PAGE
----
Destruction of Kakhovka Dam Spells Disaster for the Black Sea Coast

The damage will have an impact for decades, and whole ecosystems are threatened if not destroyed

14 June 2023

Aleksandra Klitina

Future of Ukraine Fellow

Thousands of tonnes of debris and toxic waste released by Russia’s destruction of the Kakhovka dam on the Dniepr River have reached the shores of the Black Sea, causing unmeasurable damage to the natural environment not just in the Odesa region but further west.

The destruction of the Kakhovka hydroelectric power station’s dam on 6 June released a devastating flood onto the biodiverse habitats and farmlands of the lower Dniepr basin, with tonnes of debris and pollutants spreading the destruction to the shore waters of the Black Sea at the river’s mouth.

Immense tragedy

According to Kherson authorities, a total of 48 settlements have been flooded in the Kherson region, including 34 on the territory controlled by Ukraine and  14 on Ukrainian land occupied by Russian forces. Ten people perished, and 20 have been injured, including five police officers and two rescuers. Thirty-five people are missing, including seven children.

There is no reliable information about the casualties in the occupied territories. However, the number of people killed by flooding there may be much higher, as the Russian forces failed to evacuate locals.

Settlements in the Kherson region are experiencing water supply problems, also in Kryvyi Rih, Marhanets and Nikopol in the Dnipro region. In occupied Crimea, the situation with water supply will not change much, as the peninsula has been under Russian occupation for more than seven years without supply from the Crimean Canal.

It has been confirmed that about 1,300 hectares of farmland have been flooded due to the Russians’ explosion, and 25,000 hectares of agricultural land are at risk of flooding,  indicated by the Ministry of Agrarian Policy and Food of Ukraine. The UN said the flooding may again reduce global food supply and result in higher prices.

Unique protected lands and many animals and birds, including those in the Red Book, have been wiped out, threatening the extinction of some species. A toxic flow of unexploded mines, thousands of tonnes of chemicals, sewage, dead animals, uprooted trees, poisonous silt deposits containing dioxin and other toxic substances have now burst into the Black Sea.

“As of June 12, 70-80 per cent of the Kakhovka reservoir’s water has spilled out and flowed downstream into the Dnipro-Bug estuary and the Black Sea. This entire layer of water stretches along the coast to Odesa,” said Mykhailo Khorev, former Deputy Minister of Ecology and Natural Resources.

The water level in the Kakhovka reservoir continues to drop, and the property of those affected in the Kherson region – from damaged furniture to huge sections of houses and buildings – is washing up on the Black Sea coast in the Odesa region.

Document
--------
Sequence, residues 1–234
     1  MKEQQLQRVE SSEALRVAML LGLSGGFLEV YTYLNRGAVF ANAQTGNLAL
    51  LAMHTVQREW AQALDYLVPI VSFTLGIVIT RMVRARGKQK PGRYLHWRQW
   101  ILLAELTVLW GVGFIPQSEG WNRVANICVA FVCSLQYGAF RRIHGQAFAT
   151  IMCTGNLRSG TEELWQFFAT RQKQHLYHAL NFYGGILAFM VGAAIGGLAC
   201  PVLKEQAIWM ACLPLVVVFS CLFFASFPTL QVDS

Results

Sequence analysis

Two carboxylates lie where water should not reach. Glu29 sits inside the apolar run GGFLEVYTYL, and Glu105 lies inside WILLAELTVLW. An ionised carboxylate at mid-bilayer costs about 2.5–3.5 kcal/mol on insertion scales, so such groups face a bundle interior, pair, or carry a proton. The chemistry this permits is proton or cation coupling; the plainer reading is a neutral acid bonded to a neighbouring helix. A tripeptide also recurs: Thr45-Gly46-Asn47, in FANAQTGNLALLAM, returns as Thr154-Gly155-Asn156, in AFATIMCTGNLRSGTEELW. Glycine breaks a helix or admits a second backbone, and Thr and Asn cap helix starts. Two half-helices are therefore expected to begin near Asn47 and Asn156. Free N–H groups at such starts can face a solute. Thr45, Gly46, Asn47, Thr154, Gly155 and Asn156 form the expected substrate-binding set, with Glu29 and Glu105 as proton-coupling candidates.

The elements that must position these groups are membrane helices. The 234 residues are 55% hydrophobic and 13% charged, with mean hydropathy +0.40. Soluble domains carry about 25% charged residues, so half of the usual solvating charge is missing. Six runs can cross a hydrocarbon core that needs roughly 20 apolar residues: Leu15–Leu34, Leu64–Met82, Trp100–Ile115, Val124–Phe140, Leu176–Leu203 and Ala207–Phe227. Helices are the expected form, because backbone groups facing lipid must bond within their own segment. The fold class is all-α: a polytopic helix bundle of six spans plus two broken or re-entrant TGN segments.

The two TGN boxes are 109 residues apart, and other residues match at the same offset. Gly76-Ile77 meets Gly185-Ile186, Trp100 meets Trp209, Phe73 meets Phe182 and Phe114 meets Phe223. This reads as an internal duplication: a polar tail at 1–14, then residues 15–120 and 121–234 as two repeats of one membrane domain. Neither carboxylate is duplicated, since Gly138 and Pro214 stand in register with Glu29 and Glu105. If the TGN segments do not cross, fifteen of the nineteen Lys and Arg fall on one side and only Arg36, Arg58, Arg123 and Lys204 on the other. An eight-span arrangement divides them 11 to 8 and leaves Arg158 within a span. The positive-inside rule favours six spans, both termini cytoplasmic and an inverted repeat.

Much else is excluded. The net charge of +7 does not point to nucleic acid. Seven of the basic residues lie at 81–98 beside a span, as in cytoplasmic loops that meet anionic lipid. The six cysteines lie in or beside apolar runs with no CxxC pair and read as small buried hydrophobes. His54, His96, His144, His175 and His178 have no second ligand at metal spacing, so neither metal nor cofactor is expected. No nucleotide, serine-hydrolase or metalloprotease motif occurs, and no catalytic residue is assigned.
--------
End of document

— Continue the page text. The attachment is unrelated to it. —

Environmental disaster

On 10 June, the State Ecological Inspectorate of the South-Western District recorded significant changes in the chemical composition of seawater samples on the Odesa coast.

According to the latest analysis, the salinity of the water on the Odesa coast is almost three times lower than normal, and the iron content is 3-5 times higher than normal.

“The biggest threat is that the water has washed away a huge amount of garbage from about 15 hectares of household waste dumps. The question is how strong the toxicity is. Additional analyses need to be carried out for herbicides and pesticides or whether there is an excess of toxic substances from mineral fertilizers because these substances exert pressure and can cause the death of fish resources and living organisms,” Khorev said.

The Institute of Marine Biology of the National Academy of Sciences of Ukraine monitors the changes and salinity of the Black Sea. Scientists confirm that the disaster, which some have called “Putin’s biocide”,  will significantly affect the marine ecosystem. Russia has not acknowledged blowing up the dam but hints from Russian military personnel and President Vladimir Putin’s briefings with Russian military bloggers suggest Moscow decided to flood the area to slow the Ukrainian counter-offensive.

River water from flooded areas is being carried into the sea with a large amount of fuel and lubricants, hundreds of thousands of tonnes of soil, thousands of dead animals and birds and uprooted trees. In addition, there is waste from destroyed sewage systems and cesspools, residues of fertilizers and other chemicals, not to mention mines and other munitions that can detonate in the water. The flooding water also washes away cemeteries and cattle graveyards. This explosive mix will likely affect all marine life, from plankton to cetaceans